|Ian at his home in spring 2014|
I can’t believe it’s been almost a year since my youngest brother, Ian, has left us. Truth be known, we actually got closer when he was diagnosed with cancer over two years ago. I’d phone him once a week, and he’d phone me when he was feeling up to it. He brought his son to our ‘Farewell to the Cottage’ party and had fun watching him fish and hang out with the family. Oh, there were times when I wanted to slap my brother across the back of his head for his bad behavior and callousness in the past. I know I’m not the only sibling in that boat! LOL! Still, in the end, Ian was my brother. And as the old saying goes, blood is thicker than water.
They say you can choose your friends but not your family. But I believe that we choose the family we want to be with before we’re born. Scary concept, eh? We choose what lessons we want to learn from our family that will help our souls grow, develop, and evolve into someone better than before we were born. And when those lessons are over, the teacher leaves us.
So this got me to thinking. What lessons did my brother teach me? I did a little time traveling, since I’ve been so good at that lately, and came up with some answers…
I remember when I got my father’s station wagon crooked in the garage and tried to straighten it. Um, not one of my finest moments. I scraped both sides of the car, until I realized that there was no way I could straighten it. So what did I do? I ran crying to my two brothers. I swear they couldn’t stop laughing, but my heart was pounding so hard knowing I was gonna get in trouble. Ian managed to get the car out, and drove it back into the garage with no sweat.
Lesson learned: Patience is a virtue. Oh, and never try to straighten a big-ass car in a small garage.
I remember when I used to cheer Ian on during his hockey games. I wished like hell I could have played hockey back then. But being born in a time when no such opportunities existed, I settled for being his team’s number one booster.
Lesson learned: A team doesn’t just consist of players. The backbone of any sport is comprised of the blood, sweat, and cheers of all family members. Plus, I believe I found my true voice with all that cheerleading I did!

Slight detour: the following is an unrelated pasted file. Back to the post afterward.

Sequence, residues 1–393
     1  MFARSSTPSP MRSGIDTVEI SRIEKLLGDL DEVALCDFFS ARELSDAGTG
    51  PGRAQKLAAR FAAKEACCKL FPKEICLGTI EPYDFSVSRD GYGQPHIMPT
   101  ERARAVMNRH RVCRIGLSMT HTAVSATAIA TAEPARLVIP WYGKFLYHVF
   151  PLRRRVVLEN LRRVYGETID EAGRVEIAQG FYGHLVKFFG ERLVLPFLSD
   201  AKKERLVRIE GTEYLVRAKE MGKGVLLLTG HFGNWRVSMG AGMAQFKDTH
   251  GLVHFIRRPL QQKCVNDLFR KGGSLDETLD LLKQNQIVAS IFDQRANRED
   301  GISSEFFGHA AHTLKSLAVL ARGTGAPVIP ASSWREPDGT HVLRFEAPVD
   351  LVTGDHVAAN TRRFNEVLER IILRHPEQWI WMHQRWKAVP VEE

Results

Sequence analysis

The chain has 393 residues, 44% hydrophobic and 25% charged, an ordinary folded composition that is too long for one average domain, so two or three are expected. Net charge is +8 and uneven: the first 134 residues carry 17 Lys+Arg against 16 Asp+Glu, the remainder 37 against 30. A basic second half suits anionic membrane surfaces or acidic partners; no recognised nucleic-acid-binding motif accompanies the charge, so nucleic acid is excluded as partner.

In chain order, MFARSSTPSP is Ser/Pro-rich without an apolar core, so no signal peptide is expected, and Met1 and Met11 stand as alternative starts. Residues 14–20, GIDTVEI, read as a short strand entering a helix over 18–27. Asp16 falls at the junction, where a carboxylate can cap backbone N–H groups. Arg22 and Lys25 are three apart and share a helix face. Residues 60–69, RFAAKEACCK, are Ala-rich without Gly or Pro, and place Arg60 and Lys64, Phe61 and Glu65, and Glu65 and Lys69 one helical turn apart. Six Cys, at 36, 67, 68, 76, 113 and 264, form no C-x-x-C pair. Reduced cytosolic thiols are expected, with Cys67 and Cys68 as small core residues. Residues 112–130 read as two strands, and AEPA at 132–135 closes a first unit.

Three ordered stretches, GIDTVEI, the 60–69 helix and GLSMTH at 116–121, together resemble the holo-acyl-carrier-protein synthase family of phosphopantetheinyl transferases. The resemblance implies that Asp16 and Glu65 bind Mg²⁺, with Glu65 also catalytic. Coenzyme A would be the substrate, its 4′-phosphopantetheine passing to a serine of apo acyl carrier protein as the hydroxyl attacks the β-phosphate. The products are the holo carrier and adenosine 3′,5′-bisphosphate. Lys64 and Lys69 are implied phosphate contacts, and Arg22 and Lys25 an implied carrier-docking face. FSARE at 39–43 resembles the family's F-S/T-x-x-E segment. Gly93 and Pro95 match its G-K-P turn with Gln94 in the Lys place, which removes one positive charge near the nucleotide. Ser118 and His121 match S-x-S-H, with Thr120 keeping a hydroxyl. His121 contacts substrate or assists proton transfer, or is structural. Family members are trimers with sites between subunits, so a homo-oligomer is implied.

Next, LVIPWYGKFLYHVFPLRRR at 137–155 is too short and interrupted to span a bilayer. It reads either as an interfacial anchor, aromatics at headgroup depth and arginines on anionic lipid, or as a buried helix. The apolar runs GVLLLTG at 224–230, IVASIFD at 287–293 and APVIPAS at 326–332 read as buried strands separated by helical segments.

I remember when Ian let me drive his and my other brother’s green Challenger. Somehow, I managed to put one of the front wheels into a ditch while backing out. I think we had to pull it out with my father’s station wagon (yes, the same one that got a garage door make-over). Again, my brother got me out of another tight spot and didn’t berate at me.
Lesson learned: I always have the support I need to overcome obstacles. And never make wide turns in a small driveway.
I remember when my brother and his best buddy sat on me so I couldn’t go to church. They held me down until it was too late to attend. Um, yeah. Hope God forgave them for that one. Still, I know Ian was never one for religion or going to church, and sometimes we all have our faith tested again and again to see if our beliefs have changed from when we were kids. I know mine have.
Lesson learned: Develop an understanding of where other people are coming from. Even if those people are sitting on you.
I remember when my brother tried (operative word here is tried) to teach me how to drive three on the tree in his red truck. He drove me down to the town’s fairgrounds where I could practice shoving the stick-shift in the column. About ten grinds later, we called it quits before I did something very bad to the transmission. He never took me out again.
Lesson learned: When something doesn’t work for you, just let it go.
Finally, I remember when we celebrated the first Christmas during Ian’s apprenticeship as a mechanic. He bought us some wonderful and expensive gifts, and I truly appreciated his generosity. I still have part of that gift – the mirror to the tea caddy he bought me. Ian was very generous to our family that year, and I believe our father would have been so proud of him, had he lived.
Lesson learned: Enjoy the fruits of your labors, so that you may share them with those you love the most.
|Ian celebrating our 'Farewell to the Cottage' party|
As the first year of your absence in our lives comes to a close, I want to just thank you for choosing me as your big sister, Ian. It was a truly a gift from the Universe, and I believe I made the right choice too. Here’s a toast to you, who in the end, will always be my little brother…
“Be grateful to those who left you, for their absence gave you the strength to grow in the space they abandoned.” ~ Dodinsky